While election news and excitement has captured American attention, important Middle Eastern eruptions continue to boil over. We can’t let current political events keep our eyes off the shifts in this important part of the world. Pushing Halloween aside, let’s take the mask off Lebanon.

As reported earlier, I have been in Lebanon a number of times and have a son who taught at the University of Balamand in Tripoli. Events in this country remain close to home.  And it should. Dr. Todd Wise and his five children could hear shooting in the streets of Tripoli. Not a good place for kids to play!

The assignation of Brig. Gen. Wissam al-Hassan, head of intelligence for domestic security, has ripped the scab off long and old festering wounds. Al-Hassan was not only a Sunni but had challenged Syria and their ally the Shiite militant organization Hezbollah. This sectarian terrorist organization has become the most dominant force in Lebanon. Al-Hassan’s role had been a threat to both Syria and the Hezbollah leadership.

Hassan’s funeral erupted in political violence sending waves of  chaos across the country. As Al-Hassan was being buried in Beirut’s central Martyrs Square, thousands of mourners took to the streets. At issue was the contention that Prime Minister Najib Mikati was too close to Syria and the Shiite militant Hezbollah. Citizens wanted immediate change. Damascus’ hold on Lebanon slipped in 2005 after the assassination of former Prime Minister Rafik Hariri. Public outrage forced Syrian forces to withdraw from the country. However Syria’s Al-Assad managed to maintain influence through groups like Hezbollah. Citizens know Syria has bloody hands in Lebanon.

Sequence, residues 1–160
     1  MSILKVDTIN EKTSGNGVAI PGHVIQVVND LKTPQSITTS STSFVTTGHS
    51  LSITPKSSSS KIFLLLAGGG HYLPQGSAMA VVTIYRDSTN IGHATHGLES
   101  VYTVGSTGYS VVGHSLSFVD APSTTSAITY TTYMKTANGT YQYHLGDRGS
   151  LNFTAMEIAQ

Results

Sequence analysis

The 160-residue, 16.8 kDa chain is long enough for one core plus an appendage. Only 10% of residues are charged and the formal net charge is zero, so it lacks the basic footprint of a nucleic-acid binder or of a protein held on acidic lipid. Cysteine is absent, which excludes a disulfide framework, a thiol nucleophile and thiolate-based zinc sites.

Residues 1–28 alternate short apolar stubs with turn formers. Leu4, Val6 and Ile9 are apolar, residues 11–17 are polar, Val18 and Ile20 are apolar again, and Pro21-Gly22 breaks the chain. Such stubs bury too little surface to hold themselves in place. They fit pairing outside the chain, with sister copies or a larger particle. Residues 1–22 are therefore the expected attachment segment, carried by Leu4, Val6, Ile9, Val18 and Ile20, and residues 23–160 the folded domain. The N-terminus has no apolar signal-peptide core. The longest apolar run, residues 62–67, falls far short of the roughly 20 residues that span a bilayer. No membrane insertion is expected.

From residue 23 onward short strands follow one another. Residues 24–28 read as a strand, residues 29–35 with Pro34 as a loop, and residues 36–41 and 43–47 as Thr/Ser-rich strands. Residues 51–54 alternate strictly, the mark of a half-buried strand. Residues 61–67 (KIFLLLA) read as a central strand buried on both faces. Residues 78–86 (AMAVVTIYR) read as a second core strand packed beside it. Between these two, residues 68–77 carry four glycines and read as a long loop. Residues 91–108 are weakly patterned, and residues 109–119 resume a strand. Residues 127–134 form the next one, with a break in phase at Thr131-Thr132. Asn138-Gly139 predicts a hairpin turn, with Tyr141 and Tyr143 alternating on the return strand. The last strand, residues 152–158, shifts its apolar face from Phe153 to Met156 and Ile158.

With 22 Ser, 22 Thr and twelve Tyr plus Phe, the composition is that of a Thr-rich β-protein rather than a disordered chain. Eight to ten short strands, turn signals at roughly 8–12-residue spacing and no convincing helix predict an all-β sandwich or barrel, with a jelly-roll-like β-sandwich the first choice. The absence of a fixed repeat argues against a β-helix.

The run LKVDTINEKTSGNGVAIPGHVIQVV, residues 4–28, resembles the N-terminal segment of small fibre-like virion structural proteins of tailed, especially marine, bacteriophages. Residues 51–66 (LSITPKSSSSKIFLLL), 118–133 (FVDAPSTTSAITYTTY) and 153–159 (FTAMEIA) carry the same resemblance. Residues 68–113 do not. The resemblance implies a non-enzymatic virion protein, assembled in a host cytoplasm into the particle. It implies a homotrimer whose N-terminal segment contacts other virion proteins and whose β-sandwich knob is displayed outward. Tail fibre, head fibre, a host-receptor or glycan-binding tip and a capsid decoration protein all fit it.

Lebanon’s history has been filled with wars and destruction for decades. After World War I, France gained control of a large area then called Syria, containing the Beqaa Valley that is now in Lebanon.  The Jordanian Civil War kicked Yassar Arafat and the Palestinian refugees out of Jordan and into Lebanon. From l975-l990, the Lebanese Civil War spread destruction across the land. It is feared that the death of Brig. Gen. Al-Hassan could again ignite the fires that have ravaged the country so often.

What can we conclude?

  1. The Syrian civil war continues to spill over into Lebanon. The highly volatile  situation can effect the entire region. The United States must pay careful attention to its option. The current Obama administration has been wise in avoiding sending troops and staying on the sidelines. America’s options are still evolving and it is a time to keep US cards close to the chest.
  2. Syria is ultimately responsible for the assassination. The Washington State Department has sent FBI agents to help investigate. Possibly, nothing conclusive will ever be proven, but no one doubts that Syria is still working its options even in the midst of a civil war.

Far from over, the Syrian Civil War has not yet removed Bashar Al-Assad from power although world leaders still believe he ultimately will fall. In the mean time, the Syrians have not taken their eyes off of Lebanon.

We cannot afford to either.

Question: How do you think America should play its options in Lebanon?

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Filed under middle east, Syria, Violence

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